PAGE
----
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Re: Simple modelling of a temporal sequence

From: <djs93@gen.cam.ac.uk>
Date: 01 Sep 2009 11:46:45 +0100
To: Matthew Graham <mjg@cacr.caltech.edu>
Cc: Chris Mungall <cjm@berkeleybop.org>, Owl Dev <public-owl-dev@w3.org>
Message-ID: <Prayer.1.0.16.0909011146450.28706@indy.gen.cam.ac.uk>
Hi Matthew,

I agree with Chris' recommendations here. I just have a couple of minor 
points to add: in order to be compliant with the names used in the 
relations ontology, you should use 'preceded_by', rather than 'after'. 
Also, I'm working on a paper on this problem (I can let you have a partial 
draft if you are interested). In this paper we use 'begins_at_end_of' for 
what you call 'immediately_after'. We use before, after and simultaneous 
only to refer to points in time, rather than things, like stages, that have 
temporal extent.

Good luck,

David

On Sep 1 2009, Matthew Graham wrote:

>HI Chris,
>
>On Aug 31, 2009, at 6:07 PM, Chris Mungall wrote:
>
>>
>> On Aug 31, 2009, at 5:06 PM, Matthew Graham wrote:
>>
>>> Hi,
>>>
>>> I'm trying to model a simple temporal sequence with a class called  
>>> Stage which has 5 subclasses: 2-cell, 4-cell, 8-cell, 16-cell and  
>>> 32-cell.
>>>
>>> There are also four object properties: startStage, endStage, before  
>>> and after. before and after are defined to be transitive and  
>>> inverse to each other and with domain Stage and range Stage.
>>>
>>> 32-cell is then defined to be: after some 16-cell; 16-cell is  
>>> defined as: after 8-cell; etc.
>>
>> This doesn't sound right. If you have
>>
>> EquivalentClasses(32-cell after some 16-cell)
>> EquivalentClasses(16-cell after some 8-cell)
>> etc
>> and after is transitive
>>
>> then 16-cell will subsume 32-cell. The subsumption hierarchy would be
>>
>> 1-cell
>> 	2-cell
>> 		4-cell
>> 			8-cell
>> ...
>>
>> If this is really your intent you may wish to name these classes 32- 
>> cell-or-after, 16-cell-or-after, etc
>
>I defined them as: subClassOf(after some 16-cell) and not as  
>EquivalentClass.
>
>
>> If this is not your intent then I would recommend
>>
>> ObjectProperty(immediatelyAfter)
>> TransitiveProperty(after)
>> SubPropertyOf(immediatelyAfter after)
>> ObjectProperty(immediatelyBefore)
>> TransitiveProperty(before)
>> SubPropertyOf(immediatelyBefore before)
>> inverseProperties(after before)
>> inverseProperties(immediatelyAfter immediatelyBefore)
>>
>> EquivalentClasses(32-cell immediatelyAfter some 16-cell)
>> EquivalentClasses(16-cell immediatelyAfter some 8-cell)
>>
>>> Finally I declare an individual called ptype1 with startStage some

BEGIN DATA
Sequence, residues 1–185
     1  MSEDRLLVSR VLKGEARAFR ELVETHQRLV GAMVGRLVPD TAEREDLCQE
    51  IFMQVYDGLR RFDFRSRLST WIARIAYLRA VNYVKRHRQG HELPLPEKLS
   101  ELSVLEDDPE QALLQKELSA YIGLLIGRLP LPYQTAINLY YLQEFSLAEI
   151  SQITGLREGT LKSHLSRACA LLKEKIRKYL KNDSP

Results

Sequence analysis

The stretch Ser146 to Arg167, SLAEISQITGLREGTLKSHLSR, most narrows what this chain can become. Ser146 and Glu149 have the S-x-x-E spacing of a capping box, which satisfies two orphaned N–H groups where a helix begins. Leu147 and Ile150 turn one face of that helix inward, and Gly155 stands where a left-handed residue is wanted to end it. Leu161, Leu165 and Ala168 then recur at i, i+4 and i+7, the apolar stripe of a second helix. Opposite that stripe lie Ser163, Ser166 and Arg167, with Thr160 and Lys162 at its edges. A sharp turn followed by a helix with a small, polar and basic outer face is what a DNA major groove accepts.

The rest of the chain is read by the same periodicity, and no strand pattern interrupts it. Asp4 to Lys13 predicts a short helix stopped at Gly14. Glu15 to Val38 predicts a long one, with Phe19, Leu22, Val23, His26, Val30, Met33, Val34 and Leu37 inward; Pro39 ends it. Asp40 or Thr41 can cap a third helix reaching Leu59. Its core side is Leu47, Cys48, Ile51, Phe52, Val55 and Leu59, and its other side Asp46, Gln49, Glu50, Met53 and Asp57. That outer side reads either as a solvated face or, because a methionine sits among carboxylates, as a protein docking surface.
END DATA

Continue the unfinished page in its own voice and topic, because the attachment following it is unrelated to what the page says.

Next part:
>>> 4-cell.
>>
>> Minor stylistic comment: ptype1 may be a confusing name for an  
>> individual. Presumably ptype1 is a temporal slice of an embryo?
>>
>>> I then run the reasoner on the ontology and try the DL Query:  
>>> startStage some (before 8-cell)
>>
>> Minor syntactic correction - I think you mean:
>>
>> startStage some (before some 8-cell)
>
>Yes that is correct.
>
>>
>>> This does not return ptype1. Why not? Do I have to explicitly state  
>>> the inverse relationships, e.g. 16-cell before some 32-cell, as  
>>> well - why are these not inferred during reasoning?
>>
>> The inverses would be inferred for individual axioms. In this case I  
>> believe you do need to assert subclassof axioms in the inverse  
>> direction to get the inference you want.
>>
>> This should make some intuitive sense: all 32-cell stage instances  
>> must be preceded by some 16-cell stage instance. However, not every  
>> 16-cell stage instance is succeeded by some 32-cell stage instance  
>> (development may be terminated).
>>
>> For your purposes you may wish to model a 'canonical' developmental  
>> process in which there is no termination. In this case you can add  
>> 'fictitious' axioms of the form:
>> 	
>> 	SubClassOf(16-cell (before some 32-cell))
>>
>> (preferably annotating them)
>>
>> 	SubClassOf("holds in the canonical case" 16-cell (before some 32- 
>> cell))
>>
>> This may get tedious if you have lots of stages. You could possibly  
>> write some kind of macro that populate an axiom:
>>
>> 	SubClassOf("holds in the majority of cases" X (before some Y))
>>
>> for every axiom of the form
>>
>> 	EquivalentClasses(Y (immediatelyAfter some X))
>>
>> There are tools to make this kind of macro-generation easier (OPPL,  
>> Thea2, LSW)
>>
>> At some point you will probably want some property chain axioms e.g.  
>> startsBeforeStage <- startStage o before
>>
>> possibly even up to the full Allen algebra - then it gets  
>> complicated..
>>
>> Cheers
>> Chris
>>
>>
>>> 	Cheers,
>>>
>>> 	Matthew
>>>
>>>
>>>
>>
>
>
Received on Wednesday, 2 September 2009 14:13:09 GMT

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